Flat tires are always annoying and sometimes may result in other significant problems like tire damage and deform the wheel’s rims. Therefore, also deteriorates the performance and fuel economy of your car.
Sometimes it may be impossible to get to the nearest gas station to put air into your tire. And so, as an alternative, you may be thinking can you pump a car tire with a bike pump?
The answer is yes you can, and this article will provide you with all the necessary information on the pros and cons of using a bike pump to fill a car tire along with the method.
Table of Contents
- Can A Bike Pump Fill A Car Tire?
- Why Use a Bike Pump to Inflate a Car Tire?
- Inflating Car Tire With a Bike Pump: Equipment Needed
- Inflating a Car Tire With a Bike Pump Step-By-Step Guide
- Inflating a Car Tire With a Bike Pump Tips
- Alternative Methods to Inflate Car Tire
- FAQs (Frequently Asked Questions)
Can A Bike Pump Fill A Car Tire?
Can you pump a car tire with a bike pump? Yes, you can use a bike pump to inflate and fill a car tire, but you must be aware that it’s going to take a lot of effort and time. Manually pumping a tire can take upwards of 20 minutes depending on how flat the tire is.
This is only an option for people with patience, trust me! You may have to put in hundreds of pumps to re-inflate your car tire. These pumps are designed to inflate bike tires to upwards of 80 psi, so they definitely have the capabilities, but the key difference is the volume of air.
Something that might take two dozen pumps to achieve on a skinny bike tire would take 200 pumps on an automobile tire. You’re going to be pumping that bike pump for a very long time, but at least know that it is possible.
Why Use a Bike Pump to Inflate a Car Tire?
If you’re in an emergency, stuck somewhere and your tire desperately needs air, you may well have to grab a bike pump to fill it. This will give you enough temporary pressure to make it home or get to the nearest gas station to be able to refill there.
It may be that you simply do not have access to a compressor and the only way you can top off your tire is by using a bike pump. If you need to get to work or plan on driving to an air compressor somewhere else, you might be tempted to grab a bike pump — especially if that’s all you have at your disposal.
However, the most common reason why people use a bike pump to inflate their car tires is likely because they just patched a flat tire. After getting a puncture in your tire, there’s a way to seal the gap so you are able to keep driving. After the seal is done, your tire will still be very low. A bike pump can help to refill this tire.
Some people may even solely be attempting this method as a means of bragging to their friends or proving a point. Regardless of why you need to use a bike pump to inflate your car tire, let’s get into the “how”.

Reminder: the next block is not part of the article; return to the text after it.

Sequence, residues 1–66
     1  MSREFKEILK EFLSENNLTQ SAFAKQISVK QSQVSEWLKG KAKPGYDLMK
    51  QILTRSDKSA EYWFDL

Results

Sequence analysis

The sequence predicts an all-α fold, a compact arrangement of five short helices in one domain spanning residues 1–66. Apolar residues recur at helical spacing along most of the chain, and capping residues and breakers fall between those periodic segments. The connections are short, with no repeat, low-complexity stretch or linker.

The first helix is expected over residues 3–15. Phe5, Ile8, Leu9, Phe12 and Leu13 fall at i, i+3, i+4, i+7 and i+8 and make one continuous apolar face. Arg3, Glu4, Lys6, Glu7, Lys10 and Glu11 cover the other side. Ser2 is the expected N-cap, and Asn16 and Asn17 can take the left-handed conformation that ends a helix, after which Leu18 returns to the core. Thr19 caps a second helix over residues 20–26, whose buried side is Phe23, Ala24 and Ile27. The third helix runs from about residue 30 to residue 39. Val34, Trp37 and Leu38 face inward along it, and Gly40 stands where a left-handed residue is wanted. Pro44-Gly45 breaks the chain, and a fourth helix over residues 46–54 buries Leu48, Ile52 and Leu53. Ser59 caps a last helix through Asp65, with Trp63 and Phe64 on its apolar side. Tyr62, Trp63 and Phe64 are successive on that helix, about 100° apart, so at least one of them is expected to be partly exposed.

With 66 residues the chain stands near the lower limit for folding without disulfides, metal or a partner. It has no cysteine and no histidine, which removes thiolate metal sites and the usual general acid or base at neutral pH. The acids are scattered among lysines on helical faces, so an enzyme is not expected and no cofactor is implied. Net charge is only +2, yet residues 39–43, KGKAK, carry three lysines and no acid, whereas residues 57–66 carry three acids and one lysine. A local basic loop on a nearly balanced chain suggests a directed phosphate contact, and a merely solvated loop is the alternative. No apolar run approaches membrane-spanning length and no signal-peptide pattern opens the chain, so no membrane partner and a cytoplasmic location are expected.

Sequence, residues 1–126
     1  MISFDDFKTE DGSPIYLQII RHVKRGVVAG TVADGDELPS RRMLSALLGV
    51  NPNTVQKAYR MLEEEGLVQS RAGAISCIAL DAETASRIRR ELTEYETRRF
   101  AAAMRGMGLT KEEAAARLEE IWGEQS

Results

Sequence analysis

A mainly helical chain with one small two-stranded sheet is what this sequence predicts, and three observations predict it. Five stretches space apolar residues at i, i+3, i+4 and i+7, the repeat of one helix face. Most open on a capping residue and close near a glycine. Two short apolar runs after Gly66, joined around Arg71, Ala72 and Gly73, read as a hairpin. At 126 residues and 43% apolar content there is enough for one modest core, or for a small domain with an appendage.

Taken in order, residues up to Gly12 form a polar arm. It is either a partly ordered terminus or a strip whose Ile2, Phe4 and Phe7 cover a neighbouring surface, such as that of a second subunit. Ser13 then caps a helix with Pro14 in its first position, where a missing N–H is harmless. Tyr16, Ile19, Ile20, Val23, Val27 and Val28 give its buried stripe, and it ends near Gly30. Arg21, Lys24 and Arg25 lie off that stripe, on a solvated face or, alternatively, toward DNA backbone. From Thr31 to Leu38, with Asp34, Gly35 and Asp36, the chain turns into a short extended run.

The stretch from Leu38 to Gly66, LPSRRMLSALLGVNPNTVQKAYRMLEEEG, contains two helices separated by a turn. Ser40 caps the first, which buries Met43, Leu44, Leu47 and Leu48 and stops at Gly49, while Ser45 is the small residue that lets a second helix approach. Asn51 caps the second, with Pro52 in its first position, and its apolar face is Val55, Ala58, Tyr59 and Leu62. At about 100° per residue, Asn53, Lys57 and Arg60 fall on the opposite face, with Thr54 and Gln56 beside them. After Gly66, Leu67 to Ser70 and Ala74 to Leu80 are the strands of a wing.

Inflating Car Tire With a Bike Pump: Equipment Needed
All you need to be able to complete this process is:
- Bike pump
- Tire pressure gauge
- Flathead screwdriver
Inflating a Car Tire With a Bike Pump Step-By-Step Guide
I’ll first summarize the step-by-step guide with further details and tips to follow!
Time needed: 2 minutes
Inflating a Car Tire With a Bike Pump Step-By-Step Guide
- Assess the Tire
First of all, assess your car tire to ensure it is safe to inflate.
- Remove the Valve Stem Cover
Remove the cap from the valve stem.
- Take Pressure Reading
Use your pressure gauge to read the current pressure of the tire.
- Find Recommended Tire Pressure
Locate your tire pressure as per the car manufacturer’s recommendation.
- Attach the Bike Pump to Valve Stem
Attach the black valve on the bike pump to the valve stem on the tire.
- Pump Air
Use the bike pump to pump air into the car tire.
- Replace Cap On Valve Stem Cover
When you’ve reached the desired tire pressure, replace the cap on the valve stem.
Assess the Tire
Firstly, it’s generally recommended to assess your deflated tire for damage. Find out the source of your flat tire, is there a nail or screw lodged into the tire? Does it need patching?
Is it going to be safe and worthwhile to spend 20-30 minutes inflating the car tire with a bike pump? Once you have answered the above questions, and are happy to proceed, you can follow the next steps!
Remove the Valve Stem Cover
Somewhere on your flattened tire, there will be a valve stem sticking out. I’m sure you know what this looks like already, but it’s a black tube protruding from the wheel.
Your first task is to remove the small cap from this valve stem so that you’re able to inflate the tire with air. Grab the cap with your fingers and rotate it counterclockwise to be able to completely loosen and remove it.
I advise keeping it somewhere you won’t lose it, like in your pocket, so that you’re able to replace it later on.
Take Pressure Reading
Whip out your tire pressure gauge and push its nozzle up against the valve stem to get a reading of the current pressure of your deflated car tire. Here you’re looking to read the PSI (pounds per square inch) rating.
Find Recommended Tire Pressure
Locate your tire pressure as per the car manufacturer’s recommendation. Usually, this information will be on a sticker inside the driver’s door, but sometimes it may be inside the petrol cap.
If you cannot find it, then refer to the car’s owner’s manual, or contact the manufacturer directly. The information provided will include a recommendation for the PSI value of the front two tires, and rear two tires, so it is important to take the correct one.
Attach the Bike Pump to Valve Stem
Now you have all the relevant information, you can attach the black valve on the bike pump onto the valve stem on your deflated tire.
The bike pump’s valve should have a little arm on the rear of it. This arm needs to be straight down when you put the valve over your tire’s valve stem.
And then, to lock the bike pump in, this arm needs to be brought up 90-degrees. When locked, the arm will be perpendicular to the tube feeding the black valve, and now your bike pump is officially locked in ready to pump air.
Now it’s time to begin pumping air into your deflated tire. Your bike pump, like most, should have some sort of platform at its base where you can put your feet to secure the pump in place and disable it from moving when you pump.